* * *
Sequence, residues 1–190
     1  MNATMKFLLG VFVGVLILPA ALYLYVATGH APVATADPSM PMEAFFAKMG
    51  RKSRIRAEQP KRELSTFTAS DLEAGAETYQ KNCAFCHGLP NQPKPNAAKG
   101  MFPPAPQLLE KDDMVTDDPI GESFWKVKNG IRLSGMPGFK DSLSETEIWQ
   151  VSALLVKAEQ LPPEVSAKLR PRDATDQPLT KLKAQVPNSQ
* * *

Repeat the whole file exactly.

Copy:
Sequence, residues 1–190
     1  MNATMKFLLG VFVGVLILPA ALYLYVATGH APVATADPSM PMEAFFAKMG
    51  RKSRIRAEQP KRELSTFTAS DLEAGAETYQ KNCAFCHGLP NQPKPNAAKG
   101  MFPPAPQLLE KDDMVTDDPI GESFWKVKNG IRLSGMPGFK DSLSETEIWQ
   151  VSALLVKAEQ LPPEVSAKLR PRDATDQPLT KLKAQVPNSQ